The role of emotion regulation in chronic pain: A systematic literature review

J Psychosom Res. 2018 Apr:107:38-45. doi: 10.1016/j.jpsychores.2018.02.002. Epub 2018 Feb 6.


Objective: Emotion regulation (ER) includes a set of cognitive and attentional processes used to change or maintain emotional state. A small but growing body of research suggests that maladaptive ER might be a risk factor for the development of chronic pain. This review aims to summarize existing literature on the association between ER and chronic pain, and to determine whether the construct of ER may further enhance our understanding of the risk and protective factors that may contribute to the onset and maintenance of chronic pain.

Methods: A systematic search was conducted using the search terms "chronic pain" and "emotion regulation." Studies that measured both constructs across all age groups were included.

Results: We found 15 studies that met our inclusion criteria. Nine studies were completed within the last five years, suggesting that the evaluation of ER as it relates to pain is a new line of research. Studies that measured "response-focused" ER found associations between maladaptive ER and pain. Studies that measured "antecedent-focused" ER strategies were less likely to show a direct association with pain.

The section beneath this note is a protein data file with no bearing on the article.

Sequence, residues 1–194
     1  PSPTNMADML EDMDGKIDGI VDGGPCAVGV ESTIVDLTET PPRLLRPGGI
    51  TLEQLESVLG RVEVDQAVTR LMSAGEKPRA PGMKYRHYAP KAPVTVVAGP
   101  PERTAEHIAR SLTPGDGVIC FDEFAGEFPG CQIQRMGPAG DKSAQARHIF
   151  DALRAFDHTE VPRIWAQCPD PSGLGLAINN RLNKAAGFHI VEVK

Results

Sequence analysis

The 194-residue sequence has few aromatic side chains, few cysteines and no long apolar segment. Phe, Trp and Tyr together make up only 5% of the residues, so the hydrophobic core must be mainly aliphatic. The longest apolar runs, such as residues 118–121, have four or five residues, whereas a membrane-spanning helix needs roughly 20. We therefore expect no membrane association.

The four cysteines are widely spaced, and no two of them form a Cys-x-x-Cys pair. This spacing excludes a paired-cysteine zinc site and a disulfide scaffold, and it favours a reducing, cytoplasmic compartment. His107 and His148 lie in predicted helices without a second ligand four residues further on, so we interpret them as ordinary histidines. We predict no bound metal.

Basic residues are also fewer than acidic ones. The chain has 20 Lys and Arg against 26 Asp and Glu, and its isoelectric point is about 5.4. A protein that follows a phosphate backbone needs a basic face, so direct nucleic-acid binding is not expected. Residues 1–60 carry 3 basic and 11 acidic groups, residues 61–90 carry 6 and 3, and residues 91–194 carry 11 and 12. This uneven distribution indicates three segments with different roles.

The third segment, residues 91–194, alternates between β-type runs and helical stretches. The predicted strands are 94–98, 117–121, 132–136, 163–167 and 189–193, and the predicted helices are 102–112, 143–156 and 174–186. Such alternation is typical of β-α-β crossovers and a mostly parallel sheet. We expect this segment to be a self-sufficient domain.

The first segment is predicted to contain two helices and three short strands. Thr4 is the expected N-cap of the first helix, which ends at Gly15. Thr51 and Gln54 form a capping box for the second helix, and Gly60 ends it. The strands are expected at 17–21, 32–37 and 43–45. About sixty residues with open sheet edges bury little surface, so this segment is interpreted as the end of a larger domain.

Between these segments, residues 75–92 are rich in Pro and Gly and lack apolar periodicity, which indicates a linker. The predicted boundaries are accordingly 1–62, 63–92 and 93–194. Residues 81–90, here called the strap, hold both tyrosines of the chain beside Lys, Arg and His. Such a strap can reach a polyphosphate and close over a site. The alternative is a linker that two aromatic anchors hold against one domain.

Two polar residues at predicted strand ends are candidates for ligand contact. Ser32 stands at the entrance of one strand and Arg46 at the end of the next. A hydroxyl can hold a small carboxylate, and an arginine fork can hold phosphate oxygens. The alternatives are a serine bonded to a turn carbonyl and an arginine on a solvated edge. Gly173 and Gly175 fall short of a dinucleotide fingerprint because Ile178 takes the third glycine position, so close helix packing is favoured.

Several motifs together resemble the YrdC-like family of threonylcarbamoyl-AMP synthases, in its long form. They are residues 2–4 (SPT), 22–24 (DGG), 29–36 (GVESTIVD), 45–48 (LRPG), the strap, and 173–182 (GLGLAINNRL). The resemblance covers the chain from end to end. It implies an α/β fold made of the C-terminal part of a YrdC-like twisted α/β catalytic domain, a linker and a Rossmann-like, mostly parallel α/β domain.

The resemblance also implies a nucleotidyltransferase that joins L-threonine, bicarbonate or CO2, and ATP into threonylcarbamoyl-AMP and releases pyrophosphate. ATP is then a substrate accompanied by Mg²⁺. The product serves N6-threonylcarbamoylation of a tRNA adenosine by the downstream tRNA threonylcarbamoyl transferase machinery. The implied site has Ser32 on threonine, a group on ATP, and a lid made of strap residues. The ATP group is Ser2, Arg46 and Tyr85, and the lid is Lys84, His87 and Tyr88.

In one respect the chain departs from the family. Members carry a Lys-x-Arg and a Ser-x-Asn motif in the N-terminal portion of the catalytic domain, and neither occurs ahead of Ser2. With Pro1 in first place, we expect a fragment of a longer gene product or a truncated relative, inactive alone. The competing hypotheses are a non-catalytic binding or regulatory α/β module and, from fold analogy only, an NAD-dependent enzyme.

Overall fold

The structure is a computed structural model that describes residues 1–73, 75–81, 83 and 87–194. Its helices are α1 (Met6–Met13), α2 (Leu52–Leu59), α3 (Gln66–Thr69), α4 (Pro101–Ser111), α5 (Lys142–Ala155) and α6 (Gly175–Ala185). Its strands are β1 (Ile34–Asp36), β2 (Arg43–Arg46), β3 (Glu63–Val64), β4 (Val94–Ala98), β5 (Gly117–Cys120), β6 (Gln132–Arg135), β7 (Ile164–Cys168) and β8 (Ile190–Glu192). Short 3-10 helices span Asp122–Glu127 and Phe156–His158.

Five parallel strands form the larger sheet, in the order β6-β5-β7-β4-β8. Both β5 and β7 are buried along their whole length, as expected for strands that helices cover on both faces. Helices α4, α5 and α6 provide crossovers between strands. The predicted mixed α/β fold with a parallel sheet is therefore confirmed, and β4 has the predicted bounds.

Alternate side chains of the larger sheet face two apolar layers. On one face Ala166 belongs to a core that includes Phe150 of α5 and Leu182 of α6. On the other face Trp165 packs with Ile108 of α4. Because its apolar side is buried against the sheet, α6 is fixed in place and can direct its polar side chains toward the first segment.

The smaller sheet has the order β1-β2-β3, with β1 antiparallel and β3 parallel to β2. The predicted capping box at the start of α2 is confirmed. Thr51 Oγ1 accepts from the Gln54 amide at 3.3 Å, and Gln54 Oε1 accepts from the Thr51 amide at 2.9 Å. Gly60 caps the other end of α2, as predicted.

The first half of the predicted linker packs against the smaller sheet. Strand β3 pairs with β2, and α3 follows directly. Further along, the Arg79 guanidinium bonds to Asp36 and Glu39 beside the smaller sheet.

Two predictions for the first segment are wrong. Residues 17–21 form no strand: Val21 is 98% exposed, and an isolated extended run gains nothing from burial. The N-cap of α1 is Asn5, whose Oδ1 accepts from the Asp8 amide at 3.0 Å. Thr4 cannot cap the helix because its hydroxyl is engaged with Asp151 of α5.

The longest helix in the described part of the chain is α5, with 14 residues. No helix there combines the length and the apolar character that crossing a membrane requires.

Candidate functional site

Conclusion: Maladaptive response-focused ER may be an important risk factor in the development and maintenance of chronic pain, as it is associated with pain and psychological comorbidities. Adding ER to chronic pain investigations may help to further explain individual differences in the risk and protective mechanisms that are known to influence chronic pain. Importantly, this line of research has potential to directly inform future interventions for patients with chronic pain.

Keywords: Chronic pain; Emotion regulation; Emotions; Systematic review.

Publication types

  • Research Support, Non-U.S. Gov't
  • Systematic Review

MeSH terms

  • Chronic Pain / physiopathology
  • Chronic Pain / psychology*
  • Emotions / physiology*
  • Female
  • Humans
  • Male